… the point where the business breaks-even.
[AJC: in this example, the 2008 column is closest to zero profit (showing a $107,000 loss), and just a few tweaks to the revenue and expenses quickly go that closer to $0.00, or break-even]
I do not care what Date the column says, that isn’t the point.
I do care what the numbers in that column look like:
– Does the sales number look achievable (i.e. for my business, is it more like 6 or 7 mid-size corporate customers than 1,000)?
– How many staff will I need? How big an office? Am I now going to bump into better funded competitors and have to try and steal all their customers, or is the market big enough for all of us?
– Will I need to expand interstate/internationally, franchise, and/or joint venture?
In other words, is it a business that I can comfortably take to break-even (before I run out of money)?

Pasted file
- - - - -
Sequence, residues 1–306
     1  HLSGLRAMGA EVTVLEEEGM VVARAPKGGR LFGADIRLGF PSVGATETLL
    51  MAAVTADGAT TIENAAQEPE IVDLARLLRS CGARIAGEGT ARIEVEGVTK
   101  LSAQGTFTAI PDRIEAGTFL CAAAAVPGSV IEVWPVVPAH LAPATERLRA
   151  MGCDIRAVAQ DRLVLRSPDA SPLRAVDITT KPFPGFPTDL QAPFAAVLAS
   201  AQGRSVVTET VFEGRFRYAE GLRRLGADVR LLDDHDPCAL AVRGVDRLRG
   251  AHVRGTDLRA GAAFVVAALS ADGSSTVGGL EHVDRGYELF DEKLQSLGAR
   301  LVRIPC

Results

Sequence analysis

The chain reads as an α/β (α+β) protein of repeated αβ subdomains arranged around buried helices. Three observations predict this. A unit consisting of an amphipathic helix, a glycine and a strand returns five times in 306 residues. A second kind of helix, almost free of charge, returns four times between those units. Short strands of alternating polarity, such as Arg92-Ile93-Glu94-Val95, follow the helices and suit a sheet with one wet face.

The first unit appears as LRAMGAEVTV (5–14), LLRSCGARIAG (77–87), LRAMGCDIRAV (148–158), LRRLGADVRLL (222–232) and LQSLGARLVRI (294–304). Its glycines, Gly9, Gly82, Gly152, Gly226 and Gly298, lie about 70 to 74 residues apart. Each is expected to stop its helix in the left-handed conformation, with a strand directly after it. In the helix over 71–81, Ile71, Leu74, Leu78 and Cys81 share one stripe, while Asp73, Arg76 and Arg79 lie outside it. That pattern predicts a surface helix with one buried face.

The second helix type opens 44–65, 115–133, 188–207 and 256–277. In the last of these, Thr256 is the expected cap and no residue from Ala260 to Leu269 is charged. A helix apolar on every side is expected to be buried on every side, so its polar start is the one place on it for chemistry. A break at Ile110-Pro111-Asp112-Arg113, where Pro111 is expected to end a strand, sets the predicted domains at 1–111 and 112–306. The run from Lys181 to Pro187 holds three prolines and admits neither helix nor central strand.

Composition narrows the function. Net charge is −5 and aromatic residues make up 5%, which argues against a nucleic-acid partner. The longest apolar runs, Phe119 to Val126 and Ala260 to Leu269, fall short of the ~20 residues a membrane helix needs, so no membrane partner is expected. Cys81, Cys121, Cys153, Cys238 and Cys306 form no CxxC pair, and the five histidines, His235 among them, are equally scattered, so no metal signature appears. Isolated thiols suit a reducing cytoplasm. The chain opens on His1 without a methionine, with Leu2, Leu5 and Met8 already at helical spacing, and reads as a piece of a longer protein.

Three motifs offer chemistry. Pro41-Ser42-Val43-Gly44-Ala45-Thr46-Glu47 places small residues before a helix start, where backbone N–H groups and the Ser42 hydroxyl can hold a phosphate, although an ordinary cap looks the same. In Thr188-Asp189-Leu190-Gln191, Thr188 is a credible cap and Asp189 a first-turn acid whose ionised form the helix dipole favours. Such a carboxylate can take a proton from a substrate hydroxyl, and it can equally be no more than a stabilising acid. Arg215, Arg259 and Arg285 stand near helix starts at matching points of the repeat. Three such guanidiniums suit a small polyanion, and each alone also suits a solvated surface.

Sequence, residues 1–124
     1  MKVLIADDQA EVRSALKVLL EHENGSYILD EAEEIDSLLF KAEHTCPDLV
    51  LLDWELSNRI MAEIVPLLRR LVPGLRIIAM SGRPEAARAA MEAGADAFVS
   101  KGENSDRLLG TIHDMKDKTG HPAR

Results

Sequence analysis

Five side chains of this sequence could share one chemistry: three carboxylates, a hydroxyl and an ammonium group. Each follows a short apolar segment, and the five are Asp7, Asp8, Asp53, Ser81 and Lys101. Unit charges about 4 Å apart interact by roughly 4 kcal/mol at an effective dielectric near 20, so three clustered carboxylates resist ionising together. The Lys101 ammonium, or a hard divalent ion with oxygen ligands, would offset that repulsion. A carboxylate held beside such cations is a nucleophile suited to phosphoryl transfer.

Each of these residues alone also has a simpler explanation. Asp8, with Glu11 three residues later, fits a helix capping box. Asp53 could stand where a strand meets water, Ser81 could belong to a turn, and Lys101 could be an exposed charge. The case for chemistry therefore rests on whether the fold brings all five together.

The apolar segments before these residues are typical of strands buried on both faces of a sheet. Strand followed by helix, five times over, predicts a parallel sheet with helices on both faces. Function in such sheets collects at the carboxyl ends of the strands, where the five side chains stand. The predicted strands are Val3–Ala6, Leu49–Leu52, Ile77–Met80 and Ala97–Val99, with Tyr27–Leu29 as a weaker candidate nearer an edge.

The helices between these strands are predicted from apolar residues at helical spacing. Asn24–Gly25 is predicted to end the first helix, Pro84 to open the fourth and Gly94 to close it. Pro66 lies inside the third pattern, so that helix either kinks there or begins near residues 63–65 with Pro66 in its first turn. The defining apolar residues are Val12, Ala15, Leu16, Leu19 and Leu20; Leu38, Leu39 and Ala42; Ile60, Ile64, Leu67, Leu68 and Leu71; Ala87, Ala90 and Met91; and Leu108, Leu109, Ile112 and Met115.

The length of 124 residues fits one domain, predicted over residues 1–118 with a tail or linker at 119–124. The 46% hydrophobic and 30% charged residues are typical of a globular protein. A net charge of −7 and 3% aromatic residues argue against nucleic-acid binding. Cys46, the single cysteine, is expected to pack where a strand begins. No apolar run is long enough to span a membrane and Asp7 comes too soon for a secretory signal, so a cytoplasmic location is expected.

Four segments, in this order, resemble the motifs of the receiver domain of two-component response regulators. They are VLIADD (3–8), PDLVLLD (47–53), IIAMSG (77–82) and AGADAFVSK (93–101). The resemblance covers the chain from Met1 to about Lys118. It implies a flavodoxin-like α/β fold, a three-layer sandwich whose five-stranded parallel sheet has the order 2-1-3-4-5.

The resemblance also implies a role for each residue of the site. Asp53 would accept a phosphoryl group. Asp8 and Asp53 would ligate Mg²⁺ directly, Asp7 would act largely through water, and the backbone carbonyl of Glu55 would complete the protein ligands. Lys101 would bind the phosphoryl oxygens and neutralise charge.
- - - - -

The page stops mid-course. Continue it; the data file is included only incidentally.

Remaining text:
Well, once I know the business can break-even I know that I can then ride whatever storms come my way and take as long as I need to take to get my business to where it needs to be.
[HINT: see 2., above. Remember: even though I set my goal at $5m in 5 years, I actually took 7 years to make $5m plus a ‘bonus’ $2m]
So, don’t bother with a business plan, unless it’s for one of the three reasons that I outlined, above.
Now, tell me about your business plan successes and failures, so that mine don’t seem so lonely … 🙂
I used to work for a company that had high hopes and ambitions. Being from the financial camp, I spent alot of time putting fantastic and detailed financial projections together. All kinds of what-if scenarios. High-low estimates for various markets. They were amazing!! Just one problem. The company could never get a truly operational product out the door. Have to focus on what provides value first!!
… and, last 🙂
Definitely an interesting perspective on business plans, but you do bring up a good point. There is no sense in doing things just because that is what you should do. There are many other types of planning and forecasting that you can use to determine the validity of a business idea.